To ensure your cabinets are resistant to scratches and dents, wait a week or two for the paint to harden before you reinstall the doors and drawers.
Once your cabinets have been remounted, consider getting stylish hardware and light fixtures to enhance your kitchen’s new look. These elements will help define the space’s style.
For a flawless finish, lightly sand every surface after the primer dries and between each coat of paint. This will remove dirt and dust particles that would otherwise create a rough texture.
5 interesting facts about speeding
Speeding is one of the main causes of car accidents in the United States. Here are some facts on this subject that should cause drivers to think twice before exceeding the speed limit.
1. If you speed, you won’t arrive at your destination much faster. For example, cruising at 75 miles per hour in a 65-mile-per-hour zone for 50 miles only shaves off six minutes from your total driving time.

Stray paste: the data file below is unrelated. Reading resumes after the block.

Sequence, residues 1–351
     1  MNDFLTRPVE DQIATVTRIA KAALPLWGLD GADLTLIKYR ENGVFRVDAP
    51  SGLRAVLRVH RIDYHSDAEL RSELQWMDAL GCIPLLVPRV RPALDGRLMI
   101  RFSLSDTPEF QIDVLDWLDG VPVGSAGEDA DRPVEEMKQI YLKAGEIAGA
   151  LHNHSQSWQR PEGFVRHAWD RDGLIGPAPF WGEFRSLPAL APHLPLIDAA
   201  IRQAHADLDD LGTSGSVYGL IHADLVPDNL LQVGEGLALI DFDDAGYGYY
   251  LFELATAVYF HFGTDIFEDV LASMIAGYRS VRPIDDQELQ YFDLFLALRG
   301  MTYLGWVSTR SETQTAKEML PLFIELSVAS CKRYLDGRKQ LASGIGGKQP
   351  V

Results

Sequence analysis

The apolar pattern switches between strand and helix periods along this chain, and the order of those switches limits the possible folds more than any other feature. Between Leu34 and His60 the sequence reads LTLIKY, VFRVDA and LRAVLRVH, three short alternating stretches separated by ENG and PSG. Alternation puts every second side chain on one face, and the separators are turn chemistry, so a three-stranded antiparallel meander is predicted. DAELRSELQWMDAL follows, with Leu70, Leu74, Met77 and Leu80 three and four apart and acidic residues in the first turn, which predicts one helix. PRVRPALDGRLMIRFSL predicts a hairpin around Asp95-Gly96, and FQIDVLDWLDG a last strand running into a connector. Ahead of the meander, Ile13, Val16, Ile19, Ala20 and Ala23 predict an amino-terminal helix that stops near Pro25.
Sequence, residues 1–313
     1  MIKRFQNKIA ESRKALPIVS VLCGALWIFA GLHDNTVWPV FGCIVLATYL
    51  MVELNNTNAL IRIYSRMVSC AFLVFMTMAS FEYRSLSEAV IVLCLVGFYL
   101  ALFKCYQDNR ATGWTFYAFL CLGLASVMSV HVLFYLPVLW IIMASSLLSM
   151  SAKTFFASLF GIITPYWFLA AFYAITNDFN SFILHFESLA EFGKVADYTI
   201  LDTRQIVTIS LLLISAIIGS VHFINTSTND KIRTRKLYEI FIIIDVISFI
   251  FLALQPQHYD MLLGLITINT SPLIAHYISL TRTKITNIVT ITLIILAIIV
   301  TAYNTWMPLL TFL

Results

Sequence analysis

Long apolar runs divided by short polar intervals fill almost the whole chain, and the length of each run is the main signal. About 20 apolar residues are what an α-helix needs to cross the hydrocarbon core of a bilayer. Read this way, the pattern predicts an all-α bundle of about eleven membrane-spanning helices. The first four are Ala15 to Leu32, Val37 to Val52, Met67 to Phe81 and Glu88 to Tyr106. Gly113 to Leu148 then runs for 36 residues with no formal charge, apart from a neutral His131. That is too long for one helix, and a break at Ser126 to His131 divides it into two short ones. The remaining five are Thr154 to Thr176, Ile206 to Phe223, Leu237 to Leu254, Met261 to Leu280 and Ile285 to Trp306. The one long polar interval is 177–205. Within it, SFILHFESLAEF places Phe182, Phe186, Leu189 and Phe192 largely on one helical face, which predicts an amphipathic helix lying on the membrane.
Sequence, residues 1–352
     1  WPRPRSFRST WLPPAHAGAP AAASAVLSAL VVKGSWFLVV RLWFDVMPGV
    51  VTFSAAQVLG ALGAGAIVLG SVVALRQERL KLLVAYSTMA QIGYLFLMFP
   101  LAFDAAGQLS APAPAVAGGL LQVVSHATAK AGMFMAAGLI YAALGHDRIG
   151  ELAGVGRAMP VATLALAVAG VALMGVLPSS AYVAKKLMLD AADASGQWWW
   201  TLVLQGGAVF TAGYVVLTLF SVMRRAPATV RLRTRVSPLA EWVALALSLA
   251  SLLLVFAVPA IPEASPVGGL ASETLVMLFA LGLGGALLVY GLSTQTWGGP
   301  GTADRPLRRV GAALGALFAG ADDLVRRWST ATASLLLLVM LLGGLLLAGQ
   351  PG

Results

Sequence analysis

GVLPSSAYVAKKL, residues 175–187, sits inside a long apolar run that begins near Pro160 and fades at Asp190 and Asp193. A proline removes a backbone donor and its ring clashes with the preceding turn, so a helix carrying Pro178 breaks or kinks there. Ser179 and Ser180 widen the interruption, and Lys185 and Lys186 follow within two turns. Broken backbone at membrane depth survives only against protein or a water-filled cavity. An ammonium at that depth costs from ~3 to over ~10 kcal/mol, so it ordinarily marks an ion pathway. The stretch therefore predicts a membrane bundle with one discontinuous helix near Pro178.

2. A car’s braking distance is nearly three times longer at 60 miles per hour than at 30 miles per hour. And if you’re driving a semi-truck, it’s about twice as long as that. For example, the braking distance of a semi going 60 miles per hour is about 100 feet.
3. In terms of force, a collision at 30 miles per hour is similar to a fall from four stories. A collision at 60 miles per hour is more like a fall from 14 stories.
4. The faster you drive, the more your brain is bombarded with visual information. This results in tunnel vision and a decrease in depth perception.
5. Studies suggest that if everyone drove just one mile per hour slower on urban streets, this would lead to a six percent decrease in traffic fatalities.